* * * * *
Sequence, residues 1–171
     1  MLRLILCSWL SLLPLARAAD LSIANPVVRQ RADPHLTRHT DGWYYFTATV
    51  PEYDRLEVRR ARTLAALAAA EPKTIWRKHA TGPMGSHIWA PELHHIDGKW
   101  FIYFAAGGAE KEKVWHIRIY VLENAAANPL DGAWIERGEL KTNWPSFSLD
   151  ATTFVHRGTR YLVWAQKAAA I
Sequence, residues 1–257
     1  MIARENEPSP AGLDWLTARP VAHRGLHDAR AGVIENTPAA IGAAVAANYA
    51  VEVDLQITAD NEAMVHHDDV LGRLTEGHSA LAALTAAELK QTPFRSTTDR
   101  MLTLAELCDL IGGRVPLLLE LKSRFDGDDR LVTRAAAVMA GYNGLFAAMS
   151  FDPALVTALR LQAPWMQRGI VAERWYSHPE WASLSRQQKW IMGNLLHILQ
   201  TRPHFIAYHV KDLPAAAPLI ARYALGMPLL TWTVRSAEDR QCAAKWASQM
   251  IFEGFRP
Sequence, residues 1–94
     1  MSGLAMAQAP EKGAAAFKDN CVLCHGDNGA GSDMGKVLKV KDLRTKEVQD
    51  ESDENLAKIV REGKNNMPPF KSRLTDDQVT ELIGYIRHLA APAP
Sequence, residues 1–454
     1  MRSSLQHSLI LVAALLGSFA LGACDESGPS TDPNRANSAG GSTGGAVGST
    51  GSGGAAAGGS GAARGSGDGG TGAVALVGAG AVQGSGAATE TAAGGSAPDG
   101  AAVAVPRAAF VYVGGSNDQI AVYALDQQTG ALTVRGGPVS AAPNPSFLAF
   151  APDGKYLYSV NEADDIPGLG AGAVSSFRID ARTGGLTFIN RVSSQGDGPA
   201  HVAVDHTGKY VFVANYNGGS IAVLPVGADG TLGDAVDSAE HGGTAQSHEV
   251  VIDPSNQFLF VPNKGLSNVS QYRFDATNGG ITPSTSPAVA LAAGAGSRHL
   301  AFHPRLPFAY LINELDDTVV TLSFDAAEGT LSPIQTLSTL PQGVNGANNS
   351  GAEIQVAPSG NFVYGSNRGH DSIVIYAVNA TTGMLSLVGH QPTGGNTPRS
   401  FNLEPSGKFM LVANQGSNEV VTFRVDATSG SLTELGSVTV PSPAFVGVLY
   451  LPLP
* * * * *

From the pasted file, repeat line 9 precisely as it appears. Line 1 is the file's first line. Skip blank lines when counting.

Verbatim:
   101  MLTLAELCDL IGGRVPLLLE LKSRFDGDDR LVTRAAAVMA GYNGLFAAMS